The Piano That John Lennon Once Played

The other day, Yoko Ono posted on her Twitter account four antigun messages with an image of the blood-splattered glasses that Lennon was wearing when he was shot on Dec. 8, 1980.

That tweet was re-tweeted more than 3,000 times.

That news reminded me of the piano that John Lennon used to like playing during his stay in Japan.I saw it about two and an half years ago, when I went to Karuizawa, which is one of the luxury summer resorts of Japan.

It was the end of the extreme summer heat. I generally have no interest in booking a hotel room in a resort in the high season, but I had been really exhausted from an unprecedented swelter for three months.

Luckily, I could book a room in a splendid old hotel called the Manpei Hotel through its website at a good bargain price just one day before I went there.
I went there alone because my husband was very busy, but he knew that I felt really sick of the heat.

Karuizawa is very famous for the present Emperor’s love story with his wife, the Empress. It was a romantic story. He met her and fell in love with her at first sight at a tennis club’s court in Karuizawa, and they played tennis together in summer 1957.

In those days, he was Prince Akihito, the successor, and to tell the truth, his teacher, Mr. Koizumi Shinzou (who was the former president of Keio University) had managed this fateful encounter to look as if it had happened by chance, but Japanese people were excited by the story.

In 1957, Japanese people were on the road to recovery from national ruin and grief through the loss of family members during World War Ⅱ. Actually, the Emperor was considered a kind of god before World War Ⅱ, but this prince and princess story seemed to impress Japanese people as it proved that the royal family could show humanity. It must have been epoch-making for both the royal family and for Japanese society.

By the way nowadays, Karuizawa became a popular place. Although it took about 3 hours to get Karuizawa from Tokyo before, it now takes about an hour on the Nagano bullet train. Besides, many retail outlets have been opened in malls near the station, so I saw many women with big shopping bags there. As Karuizawa can offer a luxurious mood and convenient shopping places, it was crowded here and there.

The lobby and the café terrace of the Manpei Hotel looked authentic and luxurious, and were also very popular and crowded. During my stay, the hotel staff were so courteous that I felt as if I were Paris Hilton. In spite of its discount price, my room was not cheap for me but was worth paying for.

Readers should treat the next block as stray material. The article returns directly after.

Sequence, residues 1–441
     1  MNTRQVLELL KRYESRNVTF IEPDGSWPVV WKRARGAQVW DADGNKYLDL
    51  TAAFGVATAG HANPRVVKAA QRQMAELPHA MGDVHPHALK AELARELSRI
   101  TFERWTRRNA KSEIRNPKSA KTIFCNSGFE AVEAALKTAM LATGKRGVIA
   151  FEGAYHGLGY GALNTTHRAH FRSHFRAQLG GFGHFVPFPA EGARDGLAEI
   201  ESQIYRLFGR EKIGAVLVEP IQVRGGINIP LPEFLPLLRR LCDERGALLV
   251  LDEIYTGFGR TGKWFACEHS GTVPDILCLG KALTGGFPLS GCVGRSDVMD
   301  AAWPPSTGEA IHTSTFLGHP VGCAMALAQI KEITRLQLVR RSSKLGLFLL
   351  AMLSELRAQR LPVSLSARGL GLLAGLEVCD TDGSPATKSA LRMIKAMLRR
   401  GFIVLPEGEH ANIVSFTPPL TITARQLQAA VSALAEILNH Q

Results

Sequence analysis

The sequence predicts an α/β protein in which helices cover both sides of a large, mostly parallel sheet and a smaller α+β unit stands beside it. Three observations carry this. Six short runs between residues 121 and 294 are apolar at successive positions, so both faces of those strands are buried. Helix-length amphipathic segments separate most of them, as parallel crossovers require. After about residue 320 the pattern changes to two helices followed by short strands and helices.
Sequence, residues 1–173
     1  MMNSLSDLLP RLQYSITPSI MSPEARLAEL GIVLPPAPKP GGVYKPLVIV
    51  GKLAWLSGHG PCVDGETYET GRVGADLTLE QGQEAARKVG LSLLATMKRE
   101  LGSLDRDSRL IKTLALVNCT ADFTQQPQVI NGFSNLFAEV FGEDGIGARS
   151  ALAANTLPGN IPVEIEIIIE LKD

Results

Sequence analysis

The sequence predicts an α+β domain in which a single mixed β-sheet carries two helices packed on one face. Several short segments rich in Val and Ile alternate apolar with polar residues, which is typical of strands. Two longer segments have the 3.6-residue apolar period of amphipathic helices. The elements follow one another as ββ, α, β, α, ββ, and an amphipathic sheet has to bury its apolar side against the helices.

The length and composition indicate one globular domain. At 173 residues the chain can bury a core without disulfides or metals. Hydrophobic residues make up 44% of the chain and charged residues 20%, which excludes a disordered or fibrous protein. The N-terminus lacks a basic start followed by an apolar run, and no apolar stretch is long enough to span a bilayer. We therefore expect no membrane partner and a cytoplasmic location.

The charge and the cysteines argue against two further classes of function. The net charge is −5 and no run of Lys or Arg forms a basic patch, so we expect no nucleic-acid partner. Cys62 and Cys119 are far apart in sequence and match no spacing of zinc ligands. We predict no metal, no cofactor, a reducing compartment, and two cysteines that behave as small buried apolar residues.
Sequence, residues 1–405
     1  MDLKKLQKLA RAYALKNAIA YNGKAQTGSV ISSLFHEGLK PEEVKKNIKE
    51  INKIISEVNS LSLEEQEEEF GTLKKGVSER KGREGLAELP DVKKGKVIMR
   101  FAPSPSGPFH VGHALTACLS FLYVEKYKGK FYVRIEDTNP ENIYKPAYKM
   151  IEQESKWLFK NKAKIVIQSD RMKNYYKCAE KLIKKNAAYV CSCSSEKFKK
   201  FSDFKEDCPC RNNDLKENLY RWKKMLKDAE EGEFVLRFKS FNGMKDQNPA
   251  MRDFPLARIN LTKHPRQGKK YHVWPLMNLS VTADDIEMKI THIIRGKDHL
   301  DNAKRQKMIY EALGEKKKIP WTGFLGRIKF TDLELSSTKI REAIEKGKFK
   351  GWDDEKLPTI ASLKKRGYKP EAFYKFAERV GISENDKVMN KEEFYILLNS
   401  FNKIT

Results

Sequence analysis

The Manpei Hotel was established as a Japanese-style inn in 1764. They changed their Japanese hospitality to a Western style in the late 1800s while Karuizawa was developing as a resort for celebrities, rich people and foreigners, and they succeeded in their business.

Many famous people stayed there one after another. John Lennon even stayed from 1976 to 1979 during summer. I saw the piano that he once played. It graced the corner of the hotel. They say that John liked playing that piano and he must have played “Imagine” with it.
Nawadays, some of his fans visit this hotel to see it.

The hotel was run as a family business until they merged with the Mori Trust financially in 1997.


Six months later I had visited Karuizawa, the devastating earthquake hit the Tohoku area and the nuclear plant building exploded, then many things changed and deteriorated.

International tension of far east Asian area built up, and some popular politicians started referring of nuclear power in Japan. Permanent peace of Japan guaranteed by the Article 9 of the Constitution is now shaking. On the other hand, school violences with guns sometimes happened in the USA as Yoko’s tweet.

You may well think that John Lennon’s “Imagine” is nothing but an illusion.

But, I think that appealing to reason is more challenging than resorting to violence. I’m on Yoko’s side and trying to do something I can do, maybe it might be mere things, for making the “Imagine” world.